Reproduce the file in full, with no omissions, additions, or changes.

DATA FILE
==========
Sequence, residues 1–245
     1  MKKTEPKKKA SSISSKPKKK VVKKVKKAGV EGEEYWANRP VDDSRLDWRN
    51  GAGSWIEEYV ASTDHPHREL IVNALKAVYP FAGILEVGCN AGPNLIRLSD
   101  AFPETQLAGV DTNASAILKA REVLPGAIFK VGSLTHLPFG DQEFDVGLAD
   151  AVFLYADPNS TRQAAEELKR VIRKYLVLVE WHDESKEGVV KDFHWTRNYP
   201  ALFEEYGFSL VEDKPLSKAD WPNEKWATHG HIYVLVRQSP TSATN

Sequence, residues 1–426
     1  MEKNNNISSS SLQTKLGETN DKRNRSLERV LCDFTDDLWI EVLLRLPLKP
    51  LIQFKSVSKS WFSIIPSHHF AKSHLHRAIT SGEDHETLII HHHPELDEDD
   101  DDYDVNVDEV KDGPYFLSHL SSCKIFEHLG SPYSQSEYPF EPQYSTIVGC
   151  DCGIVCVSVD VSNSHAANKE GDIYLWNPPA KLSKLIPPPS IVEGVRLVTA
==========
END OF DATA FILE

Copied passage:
Sequence, residues 1–245
     1  MKKTEPKKKA SSISSKPKKK VVKKVKKAGV EGEEYWANRP VDDSRLDWRN
    51  GAGSWIEEYV ASTDHPHREL IVNALKAVYP FAGILEVGCN AGPNLIRLSD
   101  AFPETQLAGV DTNASAILKA REVLPGAIFK VGSLTHLPFG DQEFDVGLAD
   151  AVFLYADPNS TRQAAEELKR VIRKYLVLVE WHDESKEGVV KDFHWTRNYP
   201  ALFEEYGFSL VEDKPLSKAD WPNEKWATHG HIYVLVRQSP TSATN

Sequence, residues 1–426
     1  MEKNNNISSS SLQTKLGETN DKRNRSLERV LCDFTDDLWI EVLLRLPLKP
    51  LIQFKSVSKS WFSIIPSHHF AKSHLHRAIT SGEDHETLII HHHPELDEDD
   101  DDYDVNVDEV KDGPYFLSHL SSCKIFEHLG SPYSQSEYPF EPQYSTIVGC
   151  DCGIVCVSVD VSNSHAANKE GDIYLWNPPA KLSKLIPPPS IVEGVRLVTA